In a video last month, a North Carolina woman shared a tip about battling “stupid charges.” Thousands responded — some in gratitude, others to commiserate over the baffling costs of health care.
When severe pain sent Eva Zavala to an emergency room last March, her treatment involved an ultrasound and some blood work. Her visit left her with a medical bill for more than a thousand dollars, after insurance.
It was an overwhelming cost for Ms. Zavala, 22, a medical assistant in Oregon. She had barely made a dent in the total amount she owed when, several months later, she came across a video on TikTok.
It was a one-minute clip of a woman she didn’t know, presenting a scenario that closely matched Ms. Zavala’s experience: “You go to the emergency room, you get a bill for a thousand dollars,” the woman, Shaunna Burns, said in the Dec. 3 post.
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Ms. Burns, 40, of North Carolina, instructed her viewers to call the hospital and ask for “an itemized bill with every single charge,” explaining that the billing department might then remove absurd fees, like a $37 Band-Aid.
“Any of those stupid charges, they’re going to take them right off,” Ms. Burns said in the video.
Ms. Zavala remembered that advice a few days later when she was going over her bills. She decided to give it a shot. “I thought, you know, what could I lose doing it?” she said. “And so I called and I let them know who I was, and I just asked for an itemized bill for that hospital visit.”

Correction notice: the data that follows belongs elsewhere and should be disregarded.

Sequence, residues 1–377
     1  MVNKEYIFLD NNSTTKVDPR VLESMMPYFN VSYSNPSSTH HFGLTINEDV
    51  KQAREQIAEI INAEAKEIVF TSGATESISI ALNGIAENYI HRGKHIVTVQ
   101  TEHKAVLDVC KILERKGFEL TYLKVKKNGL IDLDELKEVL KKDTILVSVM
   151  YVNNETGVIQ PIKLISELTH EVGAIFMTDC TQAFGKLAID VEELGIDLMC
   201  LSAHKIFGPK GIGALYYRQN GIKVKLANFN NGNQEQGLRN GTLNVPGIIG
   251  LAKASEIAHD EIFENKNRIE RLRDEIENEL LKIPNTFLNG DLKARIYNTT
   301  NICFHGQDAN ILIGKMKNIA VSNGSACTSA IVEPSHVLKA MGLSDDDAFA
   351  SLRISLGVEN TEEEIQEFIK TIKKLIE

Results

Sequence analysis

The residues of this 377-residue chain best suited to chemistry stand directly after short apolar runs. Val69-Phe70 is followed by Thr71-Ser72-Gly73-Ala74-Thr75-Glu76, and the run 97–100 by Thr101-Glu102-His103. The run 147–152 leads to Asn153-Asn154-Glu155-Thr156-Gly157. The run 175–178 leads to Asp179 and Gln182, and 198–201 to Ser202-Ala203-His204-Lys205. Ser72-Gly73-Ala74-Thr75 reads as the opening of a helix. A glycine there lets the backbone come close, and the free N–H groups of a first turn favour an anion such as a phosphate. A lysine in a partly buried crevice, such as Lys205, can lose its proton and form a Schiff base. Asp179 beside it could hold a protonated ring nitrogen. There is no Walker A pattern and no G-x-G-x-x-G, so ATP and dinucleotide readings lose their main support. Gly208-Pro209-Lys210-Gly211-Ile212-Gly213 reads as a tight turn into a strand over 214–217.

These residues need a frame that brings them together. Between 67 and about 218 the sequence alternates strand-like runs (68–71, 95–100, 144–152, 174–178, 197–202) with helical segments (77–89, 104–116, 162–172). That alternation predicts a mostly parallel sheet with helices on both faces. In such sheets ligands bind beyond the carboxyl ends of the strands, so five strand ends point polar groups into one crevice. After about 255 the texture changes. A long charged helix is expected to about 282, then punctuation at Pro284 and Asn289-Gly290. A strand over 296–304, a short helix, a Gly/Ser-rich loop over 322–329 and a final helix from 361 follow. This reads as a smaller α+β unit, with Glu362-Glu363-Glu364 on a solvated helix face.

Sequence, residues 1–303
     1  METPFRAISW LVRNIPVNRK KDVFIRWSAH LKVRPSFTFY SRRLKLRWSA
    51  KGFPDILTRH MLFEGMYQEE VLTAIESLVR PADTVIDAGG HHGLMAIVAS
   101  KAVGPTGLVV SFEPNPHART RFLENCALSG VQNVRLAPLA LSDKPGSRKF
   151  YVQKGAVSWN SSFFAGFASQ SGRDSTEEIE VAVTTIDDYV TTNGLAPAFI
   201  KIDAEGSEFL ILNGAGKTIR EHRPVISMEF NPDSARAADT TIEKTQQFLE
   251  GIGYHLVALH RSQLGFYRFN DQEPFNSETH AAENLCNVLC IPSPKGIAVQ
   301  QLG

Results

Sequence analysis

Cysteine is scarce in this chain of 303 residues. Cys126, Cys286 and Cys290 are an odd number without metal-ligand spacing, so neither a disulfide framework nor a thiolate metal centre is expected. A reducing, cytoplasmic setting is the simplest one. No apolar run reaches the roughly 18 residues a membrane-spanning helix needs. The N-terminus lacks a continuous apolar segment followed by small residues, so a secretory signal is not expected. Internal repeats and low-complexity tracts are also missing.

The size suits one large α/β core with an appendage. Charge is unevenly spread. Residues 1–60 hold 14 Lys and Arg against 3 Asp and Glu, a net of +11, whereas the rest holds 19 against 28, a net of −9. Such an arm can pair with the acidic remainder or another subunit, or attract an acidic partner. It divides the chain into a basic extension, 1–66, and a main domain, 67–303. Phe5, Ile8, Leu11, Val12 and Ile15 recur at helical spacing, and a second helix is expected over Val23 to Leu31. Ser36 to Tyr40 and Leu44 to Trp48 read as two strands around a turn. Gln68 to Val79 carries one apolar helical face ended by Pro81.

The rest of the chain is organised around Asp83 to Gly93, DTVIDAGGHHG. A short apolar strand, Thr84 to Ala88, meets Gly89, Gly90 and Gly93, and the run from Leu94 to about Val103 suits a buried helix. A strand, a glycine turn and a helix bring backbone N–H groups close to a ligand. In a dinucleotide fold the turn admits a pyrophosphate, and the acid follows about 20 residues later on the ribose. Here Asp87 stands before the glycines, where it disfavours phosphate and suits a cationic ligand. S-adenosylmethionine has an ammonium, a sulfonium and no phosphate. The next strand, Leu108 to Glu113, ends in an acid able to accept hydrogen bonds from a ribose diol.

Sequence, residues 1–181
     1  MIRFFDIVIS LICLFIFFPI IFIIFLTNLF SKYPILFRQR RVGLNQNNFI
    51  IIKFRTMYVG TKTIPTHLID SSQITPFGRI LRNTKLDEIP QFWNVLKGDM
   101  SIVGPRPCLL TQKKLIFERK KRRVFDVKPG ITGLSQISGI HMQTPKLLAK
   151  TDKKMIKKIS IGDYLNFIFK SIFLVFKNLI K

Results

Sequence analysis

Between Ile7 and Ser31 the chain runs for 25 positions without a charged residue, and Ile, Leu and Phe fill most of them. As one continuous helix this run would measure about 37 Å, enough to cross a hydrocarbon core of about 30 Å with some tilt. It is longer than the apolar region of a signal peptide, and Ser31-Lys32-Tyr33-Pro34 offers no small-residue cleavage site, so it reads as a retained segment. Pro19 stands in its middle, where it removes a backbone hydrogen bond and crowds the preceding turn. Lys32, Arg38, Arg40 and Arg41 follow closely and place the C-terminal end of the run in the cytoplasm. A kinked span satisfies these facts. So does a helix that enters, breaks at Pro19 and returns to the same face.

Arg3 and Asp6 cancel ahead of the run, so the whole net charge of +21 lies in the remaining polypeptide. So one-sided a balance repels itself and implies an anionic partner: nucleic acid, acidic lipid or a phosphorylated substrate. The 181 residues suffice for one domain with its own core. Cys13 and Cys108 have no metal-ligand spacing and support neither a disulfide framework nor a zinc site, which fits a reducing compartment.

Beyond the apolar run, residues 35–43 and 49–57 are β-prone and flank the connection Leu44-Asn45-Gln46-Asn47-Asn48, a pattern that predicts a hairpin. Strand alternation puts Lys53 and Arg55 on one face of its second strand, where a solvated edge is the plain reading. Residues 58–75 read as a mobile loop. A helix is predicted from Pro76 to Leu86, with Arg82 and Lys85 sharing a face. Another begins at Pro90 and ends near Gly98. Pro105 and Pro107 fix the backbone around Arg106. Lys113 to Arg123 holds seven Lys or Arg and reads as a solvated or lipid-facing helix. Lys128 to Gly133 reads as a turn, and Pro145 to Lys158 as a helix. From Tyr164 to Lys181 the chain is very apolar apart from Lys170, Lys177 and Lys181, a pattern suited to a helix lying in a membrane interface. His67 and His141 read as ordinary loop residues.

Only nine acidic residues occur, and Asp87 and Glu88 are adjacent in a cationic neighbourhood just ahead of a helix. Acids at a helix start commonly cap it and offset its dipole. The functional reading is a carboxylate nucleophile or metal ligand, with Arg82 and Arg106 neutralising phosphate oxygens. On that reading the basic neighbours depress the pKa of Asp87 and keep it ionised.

About two weeks later, her itemization came in the mail. She opened it and saw that her balance had been reduced to zero.
“I couldn’t believe it, that it was just gone,” she said.
It was unclear whether her phone call was the reason for the reduction. Ms. Zavala’s itemization showed that the hospital had applied “financial assistance” to her debt in September. But Ms. Zavala said she had never asked for assistance and didn’t know it had been applied, even though she had checked her balance in October.
The health care system that administers the hospital Ms. Zavala visited said in a statement that it offers flexible, generous financial assistance programs, and that people who apply for them are typically notified in writing within two weeks of the eligibility determination.
Ms. Zavala shared her experience in a tweet that racked up hundreds of comments, tens of thousands of shares and hundreds of thousands of likes. Many said that a call to the billing department — in some cases to ask for budget assistance — had worked for them or their friends.
Source: The New York Times